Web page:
-by Ankit Kaushik
In the clamour and din of the General Election of 2019, as the media’s spotlight shone on the winning candidates proudly performing their victory laps, the NOTA stood humbly in a corner. Even as the NOTA receives the same space on the EVM as any other candidate, it has no party workers campaigning for it; it did not make a single political speech in the six years since its birth, and it certainly did not attempt to bribe the voters through promises of minimum income, nor did it promote nationalism in the garb of patriotism tailored to its own needs. Yet, it garnered more votes than most candidates who threw their hats in the ring.
Reportedly, more than sixty-four lakh Indians stepped out of the comforts (and/or discomforts) and bee-lined to the polling booth under the sweltering Indian sun, to cast a NOTA vote. These men and women together constituted a staggering 1.04 per cent of all votes cast. They knew full well that it is unlikely to influence the final results.
It is not a coincidence that some of the areas where NOTA voting is significantly higher than the national average are less developed than the rest of the country. To illustrate, the figures for NOTA votes stood at 5.04 per cent in Gopalganj (Bihar); 4.51 per cent in Paschim Champaran (Bihar); 4.16 per cent in Jamui (Bihar); 3.73 per cent in Nawada (Bihar); 3.37 per cent in Jahanabad (Bihar); and, 3.35 per cent in Madhepura (Bihar). In contrast to the Per Capita GDP of India pegged at $ 1461.67 (World Bank, 2011), all these districts fell far behind in terms of Per Capita Gross District Domestic Product (PCGDDP) of the same year. As per the Economic Survey of Bihar, Gopalganj was ranked 12th within the state of Bihar with a PCGDDP of Rs. 12,129; Jamui was ranked 25th with PCGDDP of Rs. 10,166, Nawada ranked 30th with a PCGDDP of Rs. 9,560; Jehanabad ranked 17th with a PCGDDP of Rs. 11,183; and Madhepura ranked 36th with a PCGDDP of Rs. 8,609.
In light of the same, it would be highly erroneous to dismiss the NOTA votes as a case of mere political apathy of the voters who are nevertheless allured by the voting process. The intent behind the introduction of NOTA is best gauged from the Supreme Court (SC) judgment in PUCL v. UoI (2013) where the court sought to give the voter a “right to express his disapproval with the kind of candidates that are being put up by the political parties.” This disapproval, it hoped, would force the political parties “to accept the will of the people and field candidates who are known for their integrity.”
Prior to the PUCL (2013) judgment as well, the 170th Report of the Law Commission of India (1999) had recommended an alternative method of election wherein the elector was to be empowered with a ‘negative vote,’ which was to be counted as a valid vote. In 2004, the Election Commission of India (ECI) itself had recommended the inclusion of NOTA, as well as the amendment of the Conduct of Election Rules, 1961 (Conduct Rules) to facilitate the same.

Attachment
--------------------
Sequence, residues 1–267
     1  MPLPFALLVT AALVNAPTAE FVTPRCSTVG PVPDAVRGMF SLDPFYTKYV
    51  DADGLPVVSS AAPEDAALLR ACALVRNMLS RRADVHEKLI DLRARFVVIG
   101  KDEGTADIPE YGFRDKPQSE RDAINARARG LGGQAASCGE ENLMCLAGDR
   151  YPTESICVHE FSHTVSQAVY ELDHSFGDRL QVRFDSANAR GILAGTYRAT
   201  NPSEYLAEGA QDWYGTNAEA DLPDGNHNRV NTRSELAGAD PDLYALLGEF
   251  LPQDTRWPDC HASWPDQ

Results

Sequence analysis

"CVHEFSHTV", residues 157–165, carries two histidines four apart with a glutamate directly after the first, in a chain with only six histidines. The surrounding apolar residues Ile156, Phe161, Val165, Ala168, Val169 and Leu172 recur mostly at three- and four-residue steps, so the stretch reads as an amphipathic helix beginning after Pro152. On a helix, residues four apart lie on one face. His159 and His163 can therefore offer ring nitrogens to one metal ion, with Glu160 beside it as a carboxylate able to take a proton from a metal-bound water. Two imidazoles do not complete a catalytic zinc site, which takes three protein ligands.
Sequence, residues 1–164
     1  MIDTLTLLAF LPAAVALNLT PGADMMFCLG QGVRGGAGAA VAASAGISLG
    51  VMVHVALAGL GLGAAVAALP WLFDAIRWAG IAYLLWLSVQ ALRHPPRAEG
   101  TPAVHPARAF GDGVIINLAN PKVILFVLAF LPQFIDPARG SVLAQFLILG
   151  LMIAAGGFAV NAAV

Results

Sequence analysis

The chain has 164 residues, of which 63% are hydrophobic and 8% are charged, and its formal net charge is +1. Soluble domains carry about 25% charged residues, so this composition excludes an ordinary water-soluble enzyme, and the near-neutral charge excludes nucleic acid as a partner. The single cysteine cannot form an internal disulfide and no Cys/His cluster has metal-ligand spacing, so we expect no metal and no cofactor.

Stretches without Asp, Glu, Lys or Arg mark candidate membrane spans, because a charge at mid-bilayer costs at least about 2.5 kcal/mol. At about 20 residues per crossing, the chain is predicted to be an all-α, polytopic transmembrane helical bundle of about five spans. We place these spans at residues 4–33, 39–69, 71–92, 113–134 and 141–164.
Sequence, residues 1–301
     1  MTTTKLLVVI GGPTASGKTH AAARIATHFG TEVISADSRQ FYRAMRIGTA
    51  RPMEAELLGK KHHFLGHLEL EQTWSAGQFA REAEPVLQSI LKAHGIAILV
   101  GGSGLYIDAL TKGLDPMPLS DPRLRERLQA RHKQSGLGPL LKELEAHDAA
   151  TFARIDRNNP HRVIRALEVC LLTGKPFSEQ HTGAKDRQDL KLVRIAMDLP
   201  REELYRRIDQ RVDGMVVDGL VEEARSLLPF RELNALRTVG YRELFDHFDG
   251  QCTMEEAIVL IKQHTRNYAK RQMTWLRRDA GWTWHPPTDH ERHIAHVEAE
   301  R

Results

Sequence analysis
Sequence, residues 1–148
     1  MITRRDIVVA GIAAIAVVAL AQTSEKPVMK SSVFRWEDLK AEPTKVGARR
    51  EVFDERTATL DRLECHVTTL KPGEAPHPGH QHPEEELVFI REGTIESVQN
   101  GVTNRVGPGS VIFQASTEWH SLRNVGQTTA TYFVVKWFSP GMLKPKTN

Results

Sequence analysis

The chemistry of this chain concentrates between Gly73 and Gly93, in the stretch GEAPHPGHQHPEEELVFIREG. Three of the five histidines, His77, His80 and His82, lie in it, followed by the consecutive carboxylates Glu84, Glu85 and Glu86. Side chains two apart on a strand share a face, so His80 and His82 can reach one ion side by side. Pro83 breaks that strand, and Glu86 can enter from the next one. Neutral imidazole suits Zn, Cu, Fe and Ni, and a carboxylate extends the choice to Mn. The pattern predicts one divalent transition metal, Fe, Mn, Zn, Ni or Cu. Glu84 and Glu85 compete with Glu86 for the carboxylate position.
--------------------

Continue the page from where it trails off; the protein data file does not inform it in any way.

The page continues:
The PUCL (2013) ruling, however, was misapplied by the ECI, which, in a step-motherly fashion, made the NOTA institutionally invalid while officially sanctioning it. Thus began NOTA’s Cinderella story. As against the intent of the SC and instead of amending the Conduct Rules, the ECI chose to equate the NOTA with a ‘voter deciding not to vote’ under the existent Rule 49(O) and mandated therefore that a NOTA vote ‘shall have the same effect as not voting’ at all. In the event of NOTA securing more votes than the candidates, the candidate with the highest number of votes would be declared the winner.
Aiding the ECI in this unjust endeavour is the ambiguity surrounding the nature of the right to vote. Until 2002, the SC repeatedly affirmed that the right to vote was neither a civil right nor a common law right, but merely a statutory right. In the UoI v. ADR (2002) however, the SC held that a ‘voter’s speech or expression… would include casting of votes, that is to say, voter speaks out or expresses by casting a vote.’
In PUCL v. UoI (2003), Reddi J. opined that the right to vote was most certainly a constitutional right, if not a fundamental right. In Kuldip Nayar v. UoI (2006), however, a five-judge bench of the SC created a distinction between the right to vote as statutory right and the freedom to vote as a constitutional right. In 2012, a three-judge bench of SC in DMDK v. ECI (2012), again held the right to vote itself to be a constitutional right. However, in the PUCL (2013) case, another three-judge bench affirmed the decision of the Kuldip Nayar case. In Rajbala v. State of Haryana (2015), a two-judge bench of the SC considered only the PUCL (2003) and DMDK cases, to state that the right to vote is a constitutional right.
The confusion around the right to vote highlighted above, by corollary, extends to the right to ‘negative vote.’ Nevertheless, for the ECI to hide behind complexities so as to disenfranchise voters is inexcusable. Its treatment of NOTA, not only suppresses the spirit of the PUCL (2013) judgment but also actively subverts constitutionally mandated democratic routines. NOTA votes are an unambiguous and resolute form of protest which demand not only an official sanction but institutional validation. Given that the role of the ECI is to ensure free and fair elections; it cannot be unequal, unfair, arbitrary and unreasonable in its treatment of a vote given by a person against all candidates in much the same manner as another fellow citizen who votes in favour of one. The ECI should make NOTA count as a valid vote.
The views are personal.
ABOUT THE AUTHOR
Ankit Kaushik is a graduate from National Law University Jodhpur. Presently, he is a Research Associate at National Law University Delhi.